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Adolescents selling sex: exposure to abuse, mental health, self-harm behaviour and the need for help and support--a study of a Swedish national sample.

https://arctichealth.org/en/permalink/ahliterature124629
Source
Nord J Psychiatry. 2013 Apr;67(2):81-8
Publication Type
Article
Date
Apr-2013
Author
Frida Svensson
Cecilia Fredlund
Carl Göran Svedin
Gisela Priebe
Marie Wadsby
Author Affiliation
Child and Adolescent Psychiatry, Department of Clinical and Experimental Medicine, Faculty of health Sciences, Linköping University, SE-582 25 Linköping, Sweden.
Source
Nord J Psychiatry. 2013 Apr;67(2):81-8
Date
Apr-2013
Language
English
Publication Type
Article
Keywords
Adolescent
Adolescent Behavior - psychology
Cross-Sectional Studies
Female
Humans
Male
Mental disorders
Mental health
Self-Injurious Behavior - epidemiology
Sex Factors
Sex Offenses - statistics & numerical data
Sex Workers - psychology
Sexual Behavior - psychology
Sweden - epidemiology
Abstract
Selling sex is not uncommon among adolescents and we need to increase our knowledge of how this affects them.
The aim of this study was to investigate adolescents who sell sex regarding sexual, mental and physical abuse, mental health as estimated by using the Hopkins Symptom Check List-25 (HSCL-25), self-harm behaviour and the adolescents' experience of receiving help and support.
The study was carried out on a national representative sample of adolescents (mean age 18.3 years) in Swedish high schools in the final year of their 3-year programme. The study had 3498 participants and a response rate of 60.4%.
Of the adolescents, 1.5% stated that they had sold sexual services. The selling of sex was associated with a history of sexual, mental and physical abuse. Poorer mental health and a higher degree of self-harm behaviour were reported among the adolescents who had sold sex. Help and support was sought to a greater extent by adolescents who had sold sex but these adolescents were not as satisfied with this help and support as the other adolescents.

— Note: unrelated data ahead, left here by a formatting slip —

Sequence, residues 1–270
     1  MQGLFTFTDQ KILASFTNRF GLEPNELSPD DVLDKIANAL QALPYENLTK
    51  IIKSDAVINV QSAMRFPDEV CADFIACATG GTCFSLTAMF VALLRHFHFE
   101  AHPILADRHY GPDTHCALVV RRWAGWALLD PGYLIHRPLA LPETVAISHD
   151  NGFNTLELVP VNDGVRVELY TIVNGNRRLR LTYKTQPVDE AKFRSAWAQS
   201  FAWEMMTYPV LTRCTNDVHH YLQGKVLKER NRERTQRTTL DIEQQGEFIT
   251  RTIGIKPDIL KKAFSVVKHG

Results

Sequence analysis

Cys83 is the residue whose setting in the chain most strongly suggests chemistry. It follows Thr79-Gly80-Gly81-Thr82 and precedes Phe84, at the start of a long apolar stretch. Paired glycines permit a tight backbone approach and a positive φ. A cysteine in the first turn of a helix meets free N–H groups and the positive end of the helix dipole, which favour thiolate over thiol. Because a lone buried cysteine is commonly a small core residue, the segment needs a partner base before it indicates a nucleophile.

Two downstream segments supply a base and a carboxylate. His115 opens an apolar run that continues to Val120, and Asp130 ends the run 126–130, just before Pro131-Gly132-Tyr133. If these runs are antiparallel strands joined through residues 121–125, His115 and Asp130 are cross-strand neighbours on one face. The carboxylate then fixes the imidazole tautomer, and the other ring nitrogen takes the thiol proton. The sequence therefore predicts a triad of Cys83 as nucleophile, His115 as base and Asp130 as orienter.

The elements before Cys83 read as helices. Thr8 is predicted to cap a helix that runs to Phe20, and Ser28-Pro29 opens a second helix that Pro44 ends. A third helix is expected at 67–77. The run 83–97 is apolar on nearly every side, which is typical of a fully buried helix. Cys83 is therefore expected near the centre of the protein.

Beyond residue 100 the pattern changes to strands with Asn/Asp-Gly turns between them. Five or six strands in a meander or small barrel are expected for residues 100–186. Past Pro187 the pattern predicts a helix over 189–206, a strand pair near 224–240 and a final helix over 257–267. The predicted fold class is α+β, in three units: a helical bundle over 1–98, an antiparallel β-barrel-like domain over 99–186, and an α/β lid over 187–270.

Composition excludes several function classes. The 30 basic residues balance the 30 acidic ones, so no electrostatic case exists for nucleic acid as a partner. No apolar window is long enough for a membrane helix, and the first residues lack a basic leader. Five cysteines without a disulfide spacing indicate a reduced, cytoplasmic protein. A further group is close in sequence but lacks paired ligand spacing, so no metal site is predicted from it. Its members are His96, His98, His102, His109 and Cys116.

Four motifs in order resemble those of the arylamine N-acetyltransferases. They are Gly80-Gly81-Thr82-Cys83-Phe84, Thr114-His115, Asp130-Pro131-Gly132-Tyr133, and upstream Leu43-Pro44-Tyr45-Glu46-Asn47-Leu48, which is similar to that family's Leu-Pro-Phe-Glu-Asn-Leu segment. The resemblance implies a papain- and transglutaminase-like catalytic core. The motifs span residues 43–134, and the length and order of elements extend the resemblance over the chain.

Adolescents that sell sex are a group especially exposed to sexual, mental and physical abuse. They have poorer mental health and engage in more self-harm behaviour than other adolescents. They are in need of more help and support than other adolescents and it is reasonable to assert that more resources, research and attention should be directed to this group to provide better help and support in the future.
PubMed ID
22563767 View in PubMed
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Age-specific suicide mortality following non-fatal self-harm: national cohort study in Sweden.

https://arctichealth.org/en/permalink/ahliterature269902
Source
Psychol Med. 2015 Jun;45(8):1699-707
Publication Type
Article
Date
Jun-2015
Author
D. Tidemalm
K. Beckman
M. Dahlin
M. Vaez
P. Lichtenstein
N. Långström
B. Runeson
Source
Psychol Med. 2015 Jun;45(8):1699-707
Date
Jun-2015
Language
English
Publication Type
Article
Keywords
Adolescent
Adult
Age Distribution
Child
Cohort Studies
Female
Follow-Up Studies
Humans
Incidence
Male
Risk assessment
Risk factors
Self-Injurious Behavior - epidemiology
Sex Distribution
Suicide - statistics & numerical data
Sweden - epidemiology
Young Adult
Abstract